Homeschool Planning Overwhelm — Banished!

Getting organized for the beginning of the homeschool year is not an easy feat. It is not easy to stay organized and ahead of the game for the whole year, either. Homeschool planning overwhelm can easily set in!

I do things a little differently from some other homeschoolers when it comes to homeschool planning because I don’t look at the year as a whole so much. I like to look at the parts of the whole, and break it all down into easier, bite-sized pieces. Homeschool lesson planning is better done bit-by-bit for me, and for anyone who experiences homeschool planning overwhelm when thinking about the full year.

Thank you to Ashley of Forgetful Momma for this guest post in the Ready, set, homeschool! blog party.

A Note on Organized Homeschool Planning

Over the last couple years I have had it a little easier in my lesson planning because of the curriculum that I have chosen to use. BookShark has the homeschool planning done for me, right down to each day of the week. If you have a curriculum like this, great!

For us, that is only for a few of our subjects — for the rest, I have to figure out how much we are going to be doing and when. For example, RightStart Math is one of those that I plan myself. X amount of lessons in total divided by the number of weeks of school we’ll be doing, in our case 36 weeks. This gives me an idea of how many lessons we need to cover each week, then each day.

I’ll be doing the same thing for other subjects or topics that we’ll be studying, and then I break the planning down further into manageble chunks. This eliminates homeschool planning overwhelm for me.

[click_to_tweet tweet=”‘Homeschool lesson planning is better done bit-by-bit for me, and for anyone who experiences homeschool planning overwhelm when thinking about the full year.’ – Ashley of @ForgetfulMomma #readysethomeschool #allthehomeschoolthings #homeschooling” quote=”Homeschool lesson planning is better done bit-by-bit for me, and for anyone who experiences homeschool planning overwhelm when thinking about the full year.”]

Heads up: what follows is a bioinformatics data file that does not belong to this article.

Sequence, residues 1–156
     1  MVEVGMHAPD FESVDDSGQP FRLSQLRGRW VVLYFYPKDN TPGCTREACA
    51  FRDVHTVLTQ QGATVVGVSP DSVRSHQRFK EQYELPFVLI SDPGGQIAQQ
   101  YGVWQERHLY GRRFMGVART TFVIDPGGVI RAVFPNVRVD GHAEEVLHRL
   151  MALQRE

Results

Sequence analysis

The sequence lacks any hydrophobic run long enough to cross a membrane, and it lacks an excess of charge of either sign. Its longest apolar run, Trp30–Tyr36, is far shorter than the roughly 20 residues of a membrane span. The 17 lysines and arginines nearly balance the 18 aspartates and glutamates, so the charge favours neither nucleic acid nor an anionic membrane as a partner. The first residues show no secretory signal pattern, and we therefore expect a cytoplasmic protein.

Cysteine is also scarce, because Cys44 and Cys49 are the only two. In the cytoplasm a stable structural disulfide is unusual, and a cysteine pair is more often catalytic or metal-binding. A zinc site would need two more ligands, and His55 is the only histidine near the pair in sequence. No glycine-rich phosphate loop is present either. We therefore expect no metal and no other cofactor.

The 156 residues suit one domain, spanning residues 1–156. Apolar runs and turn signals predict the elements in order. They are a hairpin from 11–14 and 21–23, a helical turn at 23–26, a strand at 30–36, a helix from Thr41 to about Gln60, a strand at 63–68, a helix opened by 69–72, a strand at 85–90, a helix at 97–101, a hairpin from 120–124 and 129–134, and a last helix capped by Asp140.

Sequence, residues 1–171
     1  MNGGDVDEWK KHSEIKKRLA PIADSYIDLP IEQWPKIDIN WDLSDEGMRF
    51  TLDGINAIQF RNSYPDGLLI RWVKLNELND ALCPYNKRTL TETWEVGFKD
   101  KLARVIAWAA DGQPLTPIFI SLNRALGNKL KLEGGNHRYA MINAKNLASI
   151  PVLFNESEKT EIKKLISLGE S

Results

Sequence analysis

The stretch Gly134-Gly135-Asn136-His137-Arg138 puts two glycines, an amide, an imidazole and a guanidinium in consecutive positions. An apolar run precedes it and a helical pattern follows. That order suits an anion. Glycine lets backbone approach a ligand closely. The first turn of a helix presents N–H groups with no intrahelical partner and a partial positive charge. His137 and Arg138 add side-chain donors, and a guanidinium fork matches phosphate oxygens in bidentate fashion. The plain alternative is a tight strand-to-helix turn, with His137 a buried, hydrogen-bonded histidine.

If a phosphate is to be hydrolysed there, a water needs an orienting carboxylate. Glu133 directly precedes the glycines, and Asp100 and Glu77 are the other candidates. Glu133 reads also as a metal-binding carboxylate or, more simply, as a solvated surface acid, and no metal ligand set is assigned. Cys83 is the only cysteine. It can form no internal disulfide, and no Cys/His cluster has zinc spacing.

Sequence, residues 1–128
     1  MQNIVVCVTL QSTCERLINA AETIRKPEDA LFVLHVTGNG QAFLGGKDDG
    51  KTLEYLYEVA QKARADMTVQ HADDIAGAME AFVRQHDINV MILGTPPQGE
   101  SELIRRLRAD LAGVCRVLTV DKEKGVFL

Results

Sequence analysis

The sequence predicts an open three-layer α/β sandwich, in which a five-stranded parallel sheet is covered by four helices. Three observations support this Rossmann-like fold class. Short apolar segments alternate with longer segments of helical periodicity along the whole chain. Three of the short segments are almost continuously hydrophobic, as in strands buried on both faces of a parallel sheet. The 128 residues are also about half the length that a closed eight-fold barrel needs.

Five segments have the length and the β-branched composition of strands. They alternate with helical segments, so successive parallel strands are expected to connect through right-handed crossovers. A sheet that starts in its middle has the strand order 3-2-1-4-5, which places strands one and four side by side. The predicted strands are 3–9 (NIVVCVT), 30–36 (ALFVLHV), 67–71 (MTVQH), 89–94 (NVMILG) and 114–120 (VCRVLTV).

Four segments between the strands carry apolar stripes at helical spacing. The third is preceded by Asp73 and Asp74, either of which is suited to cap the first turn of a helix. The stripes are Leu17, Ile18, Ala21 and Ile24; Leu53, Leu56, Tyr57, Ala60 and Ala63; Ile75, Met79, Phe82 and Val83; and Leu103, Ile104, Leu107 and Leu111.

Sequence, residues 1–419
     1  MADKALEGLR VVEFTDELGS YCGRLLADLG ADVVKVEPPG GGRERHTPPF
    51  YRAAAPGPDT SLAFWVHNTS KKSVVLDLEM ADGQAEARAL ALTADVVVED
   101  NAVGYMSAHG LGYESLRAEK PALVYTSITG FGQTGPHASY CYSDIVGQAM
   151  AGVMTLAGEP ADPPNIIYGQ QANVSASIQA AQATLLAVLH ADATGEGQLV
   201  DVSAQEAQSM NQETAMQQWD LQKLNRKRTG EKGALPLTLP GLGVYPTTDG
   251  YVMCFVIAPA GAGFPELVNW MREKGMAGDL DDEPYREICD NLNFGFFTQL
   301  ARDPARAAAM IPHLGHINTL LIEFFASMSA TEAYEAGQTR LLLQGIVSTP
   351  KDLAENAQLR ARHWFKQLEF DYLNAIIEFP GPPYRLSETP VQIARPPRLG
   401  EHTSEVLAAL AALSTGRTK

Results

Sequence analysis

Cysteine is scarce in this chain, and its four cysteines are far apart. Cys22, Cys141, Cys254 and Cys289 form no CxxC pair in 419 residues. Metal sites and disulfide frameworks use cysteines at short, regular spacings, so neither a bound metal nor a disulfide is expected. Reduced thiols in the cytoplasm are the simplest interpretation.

Monthly Homeschool Planning

At the beginning of each month, I sit down and plan, in pencil, for that month.

That includes:

  • any photocopying that needs to be done
  • writing out what pages or chapters we’ll be reading in which books (I make sure those books haven’t run off, too, because searching for them definitely kills the “get up and go” for getting work done in the morning!)
  • switching up our binders

What I mean by switching up our binders is that I have a binder for each of us with a month’s worth of work in them. Just several pages in each of their binders looks a lot less intimating than a year’s worth. Plus, the pages aren’t getting torn as they flip through looking for the next page that we are going to be working on.

My binder has the instruction guides for four weeks of language arts, science and history.

When I’m switching things over I’m also looking over the plans, seeing if there are things that I need to buy for any art or craft projects or science experiments. In particular, I like to look through our history books for things that we might want to try our hand at, like this hieroglyphs craft that we did last year. They still remember that history lesson, so I like to plan at least one of these extras a month.

Weekly Homeschool Plans

There are things that we incorporate each week, like Story Time or the Afterschool Program at our library that we try to attend. They are not every week so I write them in weekly.

Once a week we plan to spend time in the kitchen cooking or baking also. I can decide what exactly we will be doing at the beginning of each week; that way it will fit right in with other things we’ve been doing.

Beat Homeschool Planning Overwhelm with a Daily Double-Check

Each morning, I take a quick glance of the day’s plans so I can make sure that I have everything we need to get the work done. It helps to check that I know exactly what the plans are so I can move from one subject or child to the next without searching for my planner or thinking we’re done for the day and then trying to get my kids back into the work (we have all been there!)

Staying Flexible

Some days we’re not feeling the work planned and just need to take a break and relax, or find a different way to learn the subject topic. Watching documentaries or heading to the library to find new books on that topic are some of our favorite ways to learn without doing schoolwork. It gives us a little break, changes the learning medium, and can just be plain fun.

Ashley is a secular homeschool blogger in Canada homeschooling her three elementary aged children. You can find tips on homeschooling, curriculum, and some great family-friendly and easy-to-make recipes on Forgetful Momma.

If you enjoyed this post, please check out the other posts in this series!

2 replies to Homeschool Planning Overwhelm — Banished!

  1. I also find that planning in small chunks is better for me. I do a week at a time.

  2. I do weekly planning because with a house full of young children illness is inevitable as is burnout and each child has their own set way of learning even if it takes longer than”normally planned”.

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